A government should only nationalise a bank (let alone most of its banking sector) if it has the fiscal strength to support the bank (or its banking sector). If it does not have the fiscal resources, now and in the future, to restore the banks to solvency, a private sector insolvency problem is transformed into a government insolvency problem. On the whole, the consequences of state default are more serious for the residents of a country than the consequences of a private bank default.
If the banks in question have a large amount of foreign currency debt, maintaining government solvency when the government tries to make all the banks’ creditors whole, requires two distinct resource transfers: an internal fiscal transfer, through spending cuts or tax increases from the domestic private sector to the government, and an external transfer through a larger primary surplus in the balance of payments accounts. Such an external transfer generally requires a depreciation of the real exchange rate and a worsening of the country’s external terms of trade.
Iceland is a rich country, but it has just 300,000 inhabitants (like Coventry in the UK). It does not have the fiscal resource base to support a credible nationalisation of its banking sector, unless it is willing and able to securitise the future revenues from its hydro- and geo-thermal power resources (something Anne Sibert and I recommended last April). Apparently, the government is not willing to do that.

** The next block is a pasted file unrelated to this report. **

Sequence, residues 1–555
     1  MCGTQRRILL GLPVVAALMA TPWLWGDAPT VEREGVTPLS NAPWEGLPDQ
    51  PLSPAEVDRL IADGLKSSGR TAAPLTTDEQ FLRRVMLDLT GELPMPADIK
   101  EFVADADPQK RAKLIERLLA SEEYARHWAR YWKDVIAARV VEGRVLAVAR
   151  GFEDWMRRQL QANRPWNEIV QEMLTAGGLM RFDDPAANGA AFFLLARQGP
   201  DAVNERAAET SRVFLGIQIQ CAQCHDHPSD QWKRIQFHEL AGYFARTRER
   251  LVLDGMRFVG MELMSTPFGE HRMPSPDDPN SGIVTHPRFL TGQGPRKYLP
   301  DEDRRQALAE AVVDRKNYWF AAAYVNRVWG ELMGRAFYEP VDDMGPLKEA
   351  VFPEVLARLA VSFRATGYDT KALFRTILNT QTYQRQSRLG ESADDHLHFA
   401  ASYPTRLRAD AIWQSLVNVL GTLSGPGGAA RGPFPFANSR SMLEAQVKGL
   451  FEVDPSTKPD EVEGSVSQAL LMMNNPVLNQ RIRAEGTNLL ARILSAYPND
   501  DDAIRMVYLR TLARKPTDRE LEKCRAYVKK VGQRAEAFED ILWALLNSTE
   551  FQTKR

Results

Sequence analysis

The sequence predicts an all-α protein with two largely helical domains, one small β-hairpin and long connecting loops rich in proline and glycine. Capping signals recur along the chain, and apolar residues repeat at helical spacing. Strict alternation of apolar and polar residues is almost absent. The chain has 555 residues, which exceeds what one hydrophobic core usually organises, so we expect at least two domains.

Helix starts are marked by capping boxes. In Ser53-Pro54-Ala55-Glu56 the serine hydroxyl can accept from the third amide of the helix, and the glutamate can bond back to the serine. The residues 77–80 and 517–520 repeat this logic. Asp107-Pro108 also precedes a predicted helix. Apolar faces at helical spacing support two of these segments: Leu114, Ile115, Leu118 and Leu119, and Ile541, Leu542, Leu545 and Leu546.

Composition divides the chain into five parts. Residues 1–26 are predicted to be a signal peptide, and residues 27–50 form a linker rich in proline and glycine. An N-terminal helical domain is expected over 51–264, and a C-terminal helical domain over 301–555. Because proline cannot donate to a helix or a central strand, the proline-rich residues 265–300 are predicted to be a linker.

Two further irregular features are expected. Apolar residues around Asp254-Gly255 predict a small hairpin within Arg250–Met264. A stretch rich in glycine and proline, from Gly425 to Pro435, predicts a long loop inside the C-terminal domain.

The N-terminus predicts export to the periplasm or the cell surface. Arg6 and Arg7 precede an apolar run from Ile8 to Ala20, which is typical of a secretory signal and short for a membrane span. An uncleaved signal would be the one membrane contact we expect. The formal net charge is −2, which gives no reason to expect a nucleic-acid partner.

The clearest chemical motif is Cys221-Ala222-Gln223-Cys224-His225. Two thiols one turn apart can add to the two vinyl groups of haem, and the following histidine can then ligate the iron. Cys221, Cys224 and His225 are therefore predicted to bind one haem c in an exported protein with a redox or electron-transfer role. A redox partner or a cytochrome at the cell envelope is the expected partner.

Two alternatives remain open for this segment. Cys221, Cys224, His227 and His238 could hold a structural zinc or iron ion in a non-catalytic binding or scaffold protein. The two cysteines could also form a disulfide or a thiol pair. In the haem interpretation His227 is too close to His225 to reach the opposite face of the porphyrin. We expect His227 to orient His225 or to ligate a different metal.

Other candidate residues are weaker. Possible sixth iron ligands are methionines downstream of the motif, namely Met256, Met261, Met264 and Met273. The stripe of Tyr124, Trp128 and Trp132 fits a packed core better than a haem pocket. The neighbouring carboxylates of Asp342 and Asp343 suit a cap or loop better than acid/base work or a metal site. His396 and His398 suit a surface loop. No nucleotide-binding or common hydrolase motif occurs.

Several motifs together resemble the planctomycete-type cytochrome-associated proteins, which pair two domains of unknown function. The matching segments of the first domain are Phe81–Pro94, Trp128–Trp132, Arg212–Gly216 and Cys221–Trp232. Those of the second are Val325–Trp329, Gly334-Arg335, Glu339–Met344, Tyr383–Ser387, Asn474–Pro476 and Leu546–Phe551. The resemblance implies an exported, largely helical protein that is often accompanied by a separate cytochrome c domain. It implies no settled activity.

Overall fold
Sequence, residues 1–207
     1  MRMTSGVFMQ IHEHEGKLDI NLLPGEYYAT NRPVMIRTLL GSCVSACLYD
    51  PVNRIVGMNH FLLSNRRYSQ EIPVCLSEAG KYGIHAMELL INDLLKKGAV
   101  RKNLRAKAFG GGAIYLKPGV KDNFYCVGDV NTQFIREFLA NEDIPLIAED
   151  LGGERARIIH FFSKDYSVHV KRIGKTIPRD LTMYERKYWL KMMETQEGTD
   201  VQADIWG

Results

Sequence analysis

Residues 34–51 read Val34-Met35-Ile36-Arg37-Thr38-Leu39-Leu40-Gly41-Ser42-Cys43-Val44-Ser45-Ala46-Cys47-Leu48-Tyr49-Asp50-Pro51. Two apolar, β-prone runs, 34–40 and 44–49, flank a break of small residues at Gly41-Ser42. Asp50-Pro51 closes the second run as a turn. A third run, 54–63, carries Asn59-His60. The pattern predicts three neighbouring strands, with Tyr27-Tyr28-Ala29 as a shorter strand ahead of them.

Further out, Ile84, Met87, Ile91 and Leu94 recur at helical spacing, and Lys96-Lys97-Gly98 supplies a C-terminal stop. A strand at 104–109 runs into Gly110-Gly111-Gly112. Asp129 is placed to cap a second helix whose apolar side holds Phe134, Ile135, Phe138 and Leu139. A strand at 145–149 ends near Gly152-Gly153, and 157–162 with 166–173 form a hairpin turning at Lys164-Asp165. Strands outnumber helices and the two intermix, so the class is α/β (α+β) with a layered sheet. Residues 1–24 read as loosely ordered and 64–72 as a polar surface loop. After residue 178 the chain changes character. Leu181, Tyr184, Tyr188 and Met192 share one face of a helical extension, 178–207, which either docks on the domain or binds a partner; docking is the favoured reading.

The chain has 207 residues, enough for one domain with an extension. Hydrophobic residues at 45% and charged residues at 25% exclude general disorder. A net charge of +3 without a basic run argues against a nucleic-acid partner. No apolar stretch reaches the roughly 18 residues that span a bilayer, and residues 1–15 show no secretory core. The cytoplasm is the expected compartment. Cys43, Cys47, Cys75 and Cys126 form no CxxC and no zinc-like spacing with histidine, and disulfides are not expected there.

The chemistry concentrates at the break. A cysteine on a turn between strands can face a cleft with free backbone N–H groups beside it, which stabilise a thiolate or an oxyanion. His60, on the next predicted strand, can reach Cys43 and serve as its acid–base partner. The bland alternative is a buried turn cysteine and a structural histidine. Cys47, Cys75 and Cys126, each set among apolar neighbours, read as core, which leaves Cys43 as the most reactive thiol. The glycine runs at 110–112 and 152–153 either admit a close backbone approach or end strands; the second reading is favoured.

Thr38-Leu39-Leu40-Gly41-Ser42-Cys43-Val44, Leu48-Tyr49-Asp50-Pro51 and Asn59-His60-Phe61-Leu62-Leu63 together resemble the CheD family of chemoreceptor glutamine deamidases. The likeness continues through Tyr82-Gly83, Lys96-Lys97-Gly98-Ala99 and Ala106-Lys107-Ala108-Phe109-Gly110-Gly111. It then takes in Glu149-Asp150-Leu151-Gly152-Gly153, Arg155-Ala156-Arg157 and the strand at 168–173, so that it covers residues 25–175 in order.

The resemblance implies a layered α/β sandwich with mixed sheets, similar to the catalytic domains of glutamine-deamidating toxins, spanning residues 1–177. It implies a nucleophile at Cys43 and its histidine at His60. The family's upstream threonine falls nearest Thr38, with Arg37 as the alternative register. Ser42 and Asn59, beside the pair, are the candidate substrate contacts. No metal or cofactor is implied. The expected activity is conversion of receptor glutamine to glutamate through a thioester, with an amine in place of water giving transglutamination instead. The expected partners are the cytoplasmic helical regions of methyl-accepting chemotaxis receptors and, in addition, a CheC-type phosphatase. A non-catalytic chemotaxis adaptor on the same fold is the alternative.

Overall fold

The government of Iceland is using the threat of a €4 bn loan from Russia in exchange for a 99-year lease on the airport at Keflavik – a former American air base – as leverage to obtain financial support from the West. This is high-stakes poker -not without risk to Iceland, if their bluff is called. I would have securitised the future revenues from hydro and geo-thermal power generation before bringing on the Red Army. It does show, however, that there may be more collateralisable assets around for governments to draw on than one might have thought. Good news for Chancellor Darling.
It is time for Ministers of Finance, Chancellors of the Exchequer and Secretaries of the Treasury to act to recapitalise the tottering banking systems of the North Atlantic region. Statements that “we shall do whatever it takes to safeguard the banking system of (fill in name of country)” don’t cut it any more. The banks with border-crossing activities in the US, the UK and continental Europe are now all at risk of failing. They are all cutting back drastically on their lending to the real economy. Official dithering is exacting a growing price, to be paid by tax payers and the future unemployed.